I was so taken with that image that I emailed Mr. Don about it and spouted off about possible connections between Egypt and Old Europe via cow worship! I don't think he took me seriously, or my email may have put him to sleep. So, I was gearing up to do some research today when, lo and behold, after I posted here earlier today the entry from Barbara Walker's wonderful The Woman's Encyclopedia of Myths and Secrets about "Convent" - that one was sure an eye opener to yours truly, by the way, geez, I hapened to flip the page over and there is was, an entry on -- COW!
First, a brief return visit to the November 14, 2010 Random Round-up at Goddesschess - honestly, we did not plan this! Here is a photo of the reconstructed sanctuary at Parta at the Banat Museum. Unfortunately, I am not clear by the description whether the "ox" is the female, or the other figure is the female -- the description of the reconstruction is rather ambiguous:
The monumental statue has been reconstructed based on some fragments discovered, unfortunately very few fragments – thus, fragments of the shoulder of the statue have been very well preserved, the belly of the feminine statue (the Mother statue), the ear and the a part of the ox’s muzzle – based on these fragments the reconstruction of the ox was possible; the feminine statue, because no fragment of the head was kept it was built based on some analogies.
|Reconstruction of the Parta sanctuary, at|
Barbara Walker in her truly remarkable Encyclopedia did all of the research for me. This is what she wrote under "Cow:"
|Goddess Hathor giving sustenance|
to young Horus, Temple of Hathor,
at Dendera, Egypt.
The name of Italy meant "calf-land."(1) This country too was the gift of the Milk-giver, whom Etruscans called Lat, Arabs called Al-Lat, Greeks called Latona, Lada, Leto, or Leda. She ruled Latium, and gave her milk (latte) to the world.
All Europe was named after the Goddess as a white Moon-cow, whom the Greeks mated to the white bull incarnation of Zeus. Her alternative name was Io, "Moon." Under this name she was presented in classic mythology as a rival of Hera, but patriarchal writers were always setting different manifestations of the same Goddess at odds with one another, posibly on the principle of divide and conquer. Hera herself was named Io, ancestress of the Ionians. In her temple on the site of Byzantium she appeared as teh same lunar cow, the Horned One, wearing the same crescent headdress as the Egyptian Cow-goddess.(2)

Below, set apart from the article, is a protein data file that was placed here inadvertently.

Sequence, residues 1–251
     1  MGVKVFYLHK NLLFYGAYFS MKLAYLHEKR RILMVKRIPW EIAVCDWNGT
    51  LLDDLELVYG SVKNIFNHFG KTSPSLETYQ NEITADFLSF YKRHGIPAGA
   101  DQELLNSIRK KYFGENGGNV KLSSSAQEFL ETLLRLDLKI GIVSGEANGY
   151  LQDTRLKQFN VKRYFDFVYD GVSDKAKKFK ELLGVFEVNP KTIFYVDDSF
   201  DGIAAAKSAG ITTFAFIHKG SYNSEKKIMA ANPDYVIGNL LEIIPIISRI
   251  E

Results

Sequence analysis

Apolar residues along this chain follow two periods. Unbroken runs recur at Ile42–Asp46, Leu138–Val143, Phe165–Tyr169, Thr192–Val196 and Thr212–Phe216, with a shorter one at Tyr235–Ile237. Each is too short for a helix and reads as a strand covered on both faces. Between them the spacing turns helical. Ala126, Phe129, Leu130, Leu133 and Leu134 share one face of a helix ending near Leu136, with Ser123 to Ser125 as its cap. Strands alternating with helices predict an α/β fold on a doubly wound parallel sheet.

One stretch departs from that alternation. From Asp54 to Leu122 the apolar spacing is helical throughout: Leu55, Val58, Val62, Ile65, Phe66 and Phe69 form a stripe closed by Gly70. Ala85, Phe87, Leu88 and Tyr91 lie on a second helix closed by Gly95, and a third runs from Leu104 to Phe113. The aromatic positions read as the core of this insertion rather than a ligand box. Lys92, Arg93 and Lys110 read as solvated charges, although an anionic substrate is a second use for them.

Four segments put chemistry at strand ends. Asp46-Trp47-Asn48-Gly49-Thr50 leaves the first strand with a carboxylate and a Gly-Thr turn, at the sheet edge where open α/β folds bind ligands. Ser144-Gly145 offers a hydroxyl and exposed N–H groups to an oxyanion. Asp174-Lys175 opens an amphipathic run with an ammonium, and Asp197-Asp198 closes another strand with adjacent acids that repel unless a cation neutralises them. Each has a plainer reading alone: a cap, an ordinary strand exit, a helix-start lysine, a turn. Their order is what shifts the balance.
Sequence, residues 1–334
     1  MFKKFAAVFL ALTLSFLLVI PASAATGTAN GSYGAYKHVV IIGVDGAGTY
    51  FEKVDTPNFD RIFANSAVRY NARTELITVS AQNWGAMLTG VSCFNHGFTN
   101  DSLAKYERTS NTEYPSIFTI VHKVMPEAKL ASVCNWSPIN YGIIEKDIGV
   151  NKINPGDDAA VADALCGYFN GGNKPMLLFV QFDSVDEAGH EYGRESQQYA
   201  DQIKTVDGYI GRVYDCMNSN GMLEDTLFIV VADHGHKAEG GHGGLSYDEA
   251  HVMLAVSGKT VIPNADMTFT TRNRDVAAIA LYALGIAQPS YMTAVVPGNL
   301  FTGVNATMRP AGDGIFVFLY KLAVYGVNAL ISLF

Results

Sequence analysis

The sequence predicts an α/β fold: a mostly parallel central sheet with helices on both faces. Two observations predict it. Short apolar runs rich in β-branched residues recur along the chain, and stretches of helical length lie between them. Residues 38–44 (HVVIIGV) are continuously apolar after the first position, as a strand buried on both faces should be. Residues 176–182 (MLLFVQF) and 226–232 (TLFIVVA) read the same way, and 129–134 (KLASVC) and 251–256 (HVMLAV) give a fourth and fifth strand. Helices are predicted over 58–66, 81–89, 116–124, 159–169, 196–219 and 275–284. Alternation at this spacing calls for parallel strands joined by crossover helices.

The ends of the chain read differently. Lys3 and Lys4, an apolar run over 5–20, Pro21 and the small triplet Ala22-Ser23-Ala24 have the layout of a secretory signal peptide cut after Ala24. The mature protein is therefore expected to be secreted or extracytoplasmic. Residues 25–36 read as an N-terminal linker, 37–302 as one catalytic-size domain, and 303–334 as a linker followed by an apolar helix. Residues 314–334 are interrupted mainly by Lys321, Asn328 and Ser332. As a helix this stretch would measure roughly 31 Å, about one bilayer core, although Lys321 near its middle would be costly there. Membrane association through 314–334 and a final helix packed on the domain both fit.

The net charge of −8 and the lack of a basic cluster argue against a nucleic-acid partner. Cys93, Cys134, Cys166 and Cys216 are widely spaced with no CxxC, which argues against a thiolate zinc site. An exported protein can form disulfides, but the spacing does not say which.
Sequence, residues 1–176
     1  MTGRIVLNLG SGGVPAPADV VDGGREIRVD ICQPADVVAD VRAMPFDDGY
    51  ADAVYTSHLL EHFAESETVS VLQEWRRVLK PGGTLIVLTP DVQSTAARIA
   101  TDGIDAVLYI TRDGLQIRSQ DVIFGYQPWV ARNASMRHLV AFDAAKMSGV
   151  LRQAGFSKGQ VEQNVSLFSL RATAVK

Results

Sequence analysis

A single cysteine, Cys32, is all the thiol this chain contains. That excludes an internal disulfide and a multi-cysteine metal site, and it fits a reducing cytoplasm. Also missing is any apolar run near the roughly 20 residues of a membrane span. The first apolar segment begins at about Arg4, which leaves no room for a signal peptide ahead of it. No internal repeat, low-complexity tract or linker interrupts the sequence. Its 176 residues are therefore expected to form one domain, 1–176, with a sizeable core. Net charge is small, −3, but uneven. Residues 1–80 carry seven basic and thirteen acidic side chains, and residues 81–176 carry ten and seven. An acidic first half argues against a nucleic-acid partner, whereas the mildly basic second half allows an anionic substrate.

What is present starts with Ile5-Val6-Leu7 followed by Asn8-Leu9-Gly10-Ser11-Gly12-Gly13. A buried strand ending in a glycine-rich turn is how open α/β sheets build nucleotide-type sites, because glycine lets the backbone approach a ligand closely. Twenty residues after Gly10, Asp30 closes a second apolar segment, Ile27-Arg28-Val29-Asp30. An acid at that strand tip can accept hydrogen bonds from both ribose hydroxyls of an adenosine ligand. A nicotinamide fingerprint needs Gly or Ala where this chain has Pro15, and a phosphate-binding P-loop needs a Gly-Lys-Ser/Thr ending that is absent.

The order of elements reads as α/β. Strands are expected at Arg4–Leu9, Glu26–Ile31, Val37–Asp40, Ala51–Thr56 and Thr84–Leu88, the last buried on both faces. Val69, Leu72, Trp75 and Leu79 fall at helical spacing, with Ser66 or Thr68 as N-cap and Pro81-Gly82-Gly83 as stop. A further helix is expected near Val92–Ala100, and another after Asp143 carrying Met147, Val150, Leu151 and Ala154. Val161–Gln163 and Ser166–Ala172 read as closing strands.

Herodotus said the milk-giving Mother Hera-lo-Latona was the same as Egypt's Buto, "an archaic queen of the Lower Kingdom."(3) The holy city of Buto, Egypt's oldest oracular shrine, was known to the Greeks as Latopolis, "city of Lat."(4) Of course Buto, or Lat, was only another name for Hathor, or Isis, or Mut, or Neith: all represented "the great cow which gave birth to Ra, the great goddess, the mother of all the gods ... the Cow, the great lady of the south, the great one who gave birth to the sun, who made the germ of gods and men, the mother of Ra, who raised up Tem in primeval time, who existed when nothing else had being, and who created that which exists."(5)
The Cow as creatress was equally prominent in myths of northern Europe, where she was named Audumia; she was also Freya, or a Valkyrie taking the form of a "fierce cow.(6) A semi-patriarchal Norse myth tried to attribute the creation of the world to the giant Ymir, whose body and blood made the universe. But he was not the first of creatures. The Cow preceded him, for he lived on her milk.(7)
Earlier myths showed the universe being "curdled" into shape from the Cow's milk. In India, many still believe literally the creation myth known as Churning of the Sea of Milk.(8) The Japanese version said the primordial deep went "curdlecurdle" (kowororkoworo) when stirred by the first deeities, to make clumps of land.(9) The ancient near east thought human bodies too were curdled from the Goddess's milk. One of her liturgies was copied into the Bible: "Has thou not poured me out as milk, and curled me like cheese?" (Job 10:10).
The root of "cow" was Sanskrit Gau, Egyptian kau or kau-t. Goddess-names like Gauri and Kauri also designated the yonic cowrie shell.(10) Brahman rebirth ceremonies used either a huge golden yoni or an image of the Cow-mother. "When a man has for grave cause been expelled from his caste, he may be restored to it after passing several times under the belly of a cow."(11) The Egyptian Goddess as birth-giver typically wore a cow's head or horns, as she offered her breasts with both hands.(12) As the nursing mother who gave each Egyptian his secret soul-name (ren), she was entitled Renenet, the Lady of the Double Granary, a reference to her inexhaustible breasts.(13) The bovine enzyme rennet, used even in antiquity to curdle milk, was also sacred to her.
A favorite Roman emblem of the Goddess was the Cornucopia, Horn of Plenty: a cow's horn pouring forth all the fruits of the earth. The cow was honored as the wetnurse of humanity, and her image is still inadvertently invoked to this day as an expletive Holy Cow, or a perjorative Sacred Cow.
1. Thomson, 50.
2. Elworthy, 183, 194.
3. Larousse, 29.
4. Herodotus, 106.
5. Budge, C.E. 1, 457-58, 463.
6. Turville-Pette, 256.
7. Larousse, 248.
8. O'Flaherty, 274.
9. Campbell, Or. M., 467.
10. Waddell, 404.
11. Frazer, F.O.T., 220-22.
12. Neumann, G.M., pl. 9.
13. Larousse, 38; H. Smith, 24.
|The Narmer Palette, c. 3500 BCE, Egypt. Note the presence of Hathor at the top of both the front and reverse sides.|